This month: A look at funding downtown improvement projects
Partnering for Impact
Sales, hotel occupancy taxes help cities fund development.
The Comptroller’s office empowers local governments and communities across the state with the information and tools they need to support economic development and create new jobs for Texans. Look for our special “Partnering for Impact” section in each edition, featuring timely, important information and tips for local governments and economic development corporations.
Cities can use the following tools and resources to help secure funding for downtown revitalization projects:
- Section 4A or 4B EDCs. An EDC can fund targeted infrastructure to improve streets, provide drainage and bury utility lines. Section 4B EDCs may fund affordable housing, public parks and open-space improvements.
- City hotel occupancy tax. Cities can use hotel occupancy tax revenues to promote their downtowns and preserve historic buildings and landmarks.
- The Texas Capital Fund. The program’s two major municipal grant programs, Downtown Revitalization Grants (DRG) and Infrastructure Development Grants (IDG), may be used for sidewalk construction, utility infrastructure improvements and traffic signals and signs. DRG grant awards range from $50,000 to $150,000, while IDGs are funded in amounts up to $1 million.
As Texas has transitioned away from its rural roots, the once thriving downtown areas of many small- and medium-sized communities have fallen into disrepair as their businesses follow residents to the suburbs. To reverse this trend, community leaders are looking for solutions to beautify and restore cities to their former glory and bring private investment back downtown.
Most successful revitalization programs draw funding from a variety of sources, including city-sponsored economic development corporations, hotel occupancy taxes and state grant programs.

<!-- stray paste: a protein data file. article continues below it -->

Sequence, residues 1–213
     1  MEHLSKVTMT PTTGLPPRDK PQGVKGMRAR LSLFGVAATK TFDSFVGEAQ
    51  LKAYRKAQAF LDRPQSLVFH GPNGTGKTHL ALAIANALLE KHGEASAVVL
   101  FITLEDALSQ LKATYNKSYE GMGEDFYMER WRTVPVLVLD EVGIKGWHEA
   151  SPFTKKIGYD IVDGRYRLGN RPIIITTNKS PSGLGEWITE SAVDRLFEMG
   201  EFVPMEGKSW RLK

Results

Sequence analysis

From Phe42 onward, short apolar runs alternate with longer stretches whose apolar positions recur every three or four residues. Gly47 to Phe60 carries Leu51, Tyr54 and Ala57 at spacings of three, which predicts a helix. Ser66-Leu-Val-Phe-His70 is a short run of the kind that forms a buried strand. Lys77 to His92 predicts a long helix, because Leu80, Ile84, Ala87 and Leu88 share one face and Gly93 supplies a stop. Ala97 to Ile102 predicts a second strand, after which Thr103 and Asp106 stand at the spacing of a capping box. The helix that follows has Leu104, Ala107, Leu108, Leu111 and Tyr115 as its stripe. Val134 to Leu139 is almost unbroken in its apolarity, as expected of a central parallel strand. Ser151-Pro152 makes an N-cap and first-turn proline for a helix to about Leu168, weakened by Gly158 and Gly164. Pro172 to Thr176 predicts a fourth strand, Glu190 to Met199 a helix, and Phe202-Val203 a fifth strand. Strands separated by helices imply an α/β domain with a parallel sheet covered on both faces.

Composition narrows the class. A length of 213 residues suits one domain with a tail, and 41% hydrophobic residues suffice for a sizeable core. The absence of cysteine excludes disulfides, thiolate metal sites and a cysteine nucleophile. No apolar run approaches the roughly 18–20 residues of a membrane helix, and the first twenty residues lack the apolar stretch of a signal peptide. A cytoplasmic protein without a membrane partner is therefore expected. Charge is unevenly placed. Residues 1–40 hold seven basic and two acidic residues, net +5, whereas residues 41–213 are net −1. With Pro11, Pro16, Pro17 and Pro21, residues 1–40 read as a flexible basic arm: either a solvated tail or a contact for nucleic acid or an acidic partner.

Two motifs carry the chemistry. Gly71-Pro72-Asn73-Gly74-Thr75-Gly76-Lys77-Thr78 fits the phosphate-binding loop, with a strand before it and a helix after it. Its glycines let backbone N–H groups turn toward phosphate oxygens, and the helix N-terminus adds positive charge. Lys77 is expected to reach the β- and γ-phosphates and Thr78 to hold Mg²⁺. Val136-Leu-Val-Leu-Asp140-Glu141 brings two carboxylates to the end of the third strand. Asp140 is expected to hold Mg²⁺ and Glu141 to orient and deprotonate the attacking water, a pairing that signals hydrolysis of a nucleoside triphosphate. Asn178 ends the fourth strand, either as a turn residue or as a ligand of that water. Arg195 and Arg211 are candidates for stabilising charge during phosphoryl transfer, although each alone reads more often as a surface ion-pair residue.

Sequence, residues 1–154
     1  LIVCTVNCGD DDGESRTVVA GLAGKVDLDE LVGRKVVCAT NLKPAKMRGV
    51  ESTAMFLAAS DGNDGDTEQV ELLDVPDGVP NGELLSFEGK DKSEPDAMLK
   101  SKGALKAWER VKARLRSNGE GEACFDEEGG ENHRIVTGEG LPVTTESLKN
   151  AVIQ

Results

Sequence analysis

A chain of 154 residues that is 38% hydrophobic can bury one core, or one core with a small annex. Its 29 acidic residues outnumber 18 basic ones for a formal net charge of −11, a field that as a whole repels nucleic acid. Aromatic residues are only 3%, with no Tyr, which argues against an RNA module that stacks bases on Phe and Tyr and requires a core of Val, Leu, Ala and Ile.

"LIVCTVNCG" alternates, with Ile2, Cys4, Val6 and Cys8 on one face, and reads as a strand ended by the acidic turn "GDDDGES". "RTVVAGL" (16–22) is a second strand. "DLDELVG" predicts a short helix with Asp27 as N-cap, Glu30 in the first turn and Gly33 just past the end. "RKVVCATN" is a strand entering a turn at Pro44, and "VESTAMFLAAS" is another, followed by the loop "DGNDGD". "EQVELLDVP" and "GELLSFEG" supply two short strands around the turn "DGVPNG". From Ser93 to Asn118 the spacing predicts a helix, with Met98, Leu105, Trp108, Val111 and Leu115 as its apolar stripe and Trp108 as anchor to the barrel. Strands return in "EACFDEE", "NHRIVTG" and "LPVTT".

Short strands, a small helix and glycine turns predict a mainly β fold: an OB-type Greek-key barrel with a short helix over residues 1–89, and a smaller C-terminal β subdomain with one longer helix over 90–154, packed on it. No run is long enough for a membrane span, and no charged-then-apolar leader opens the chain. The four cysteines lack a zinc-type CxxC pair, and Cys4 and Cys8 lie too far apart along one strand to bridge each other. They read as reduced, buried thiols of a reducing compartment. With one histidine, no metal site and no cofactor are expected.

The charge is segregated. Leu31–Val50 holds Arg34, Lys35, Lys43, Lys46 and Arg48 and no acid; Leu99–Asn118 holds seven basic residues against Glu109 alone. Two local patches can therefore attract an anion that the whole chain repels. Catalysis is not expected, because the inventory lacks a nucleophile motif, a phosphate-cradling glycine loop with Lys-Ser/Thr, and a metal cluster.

Many cities turn to their Section 4A or 4B economic development corporation (EDC) to provide initial funding for downtown enhancements. Supported by dedicated sales tax revenues, an EDC can fund targeted infrastructure to improve streets, provide drainage and bury utility lines. Section 4B EDCs may also fund affordable housing, public parks and open-space improvements, common components of downtown revitalization programs.
Another local source of revenue is the city hotel occupancy tax. More than 500 Texas cities collect a tax of up to 7 percent of the cost of occupying a hotel room to fund tourism-related programs. Restricted to funding programs that attract out-of-town visitors, cities often use hotel occupancy tax revenues to promote their downtowns and preserve historic buildings and landmarks.
The Texas Capital Fund is a key source of state grants for downtown redevelopment and revitalization. Administered by the Texas Department of Agriculture, the program has two major municipal grant programs: Downtown Revitalization Grants (DRG) and Infrastructure Development Grants (IDG). Both may be used for sidewalk construction, utility infrastructure improvements, traffic signals and signs, and purchasing land needed for public facilities. DRG grant awards range from $50,000 to $150,000, while IDGs are funded in amounts up to $1 million.
For more information on the Texas Capital Fund, contact the Texas Department of Agriculture at www.tda.state.tx.us. For information on funding revitalization programs to spur economic development, visit the Comptroller’s Local Government Assistance and Economic Development Division at http://www.TexasAhead.org/lga or call (800) 531-5441, ext. 3-4679. TR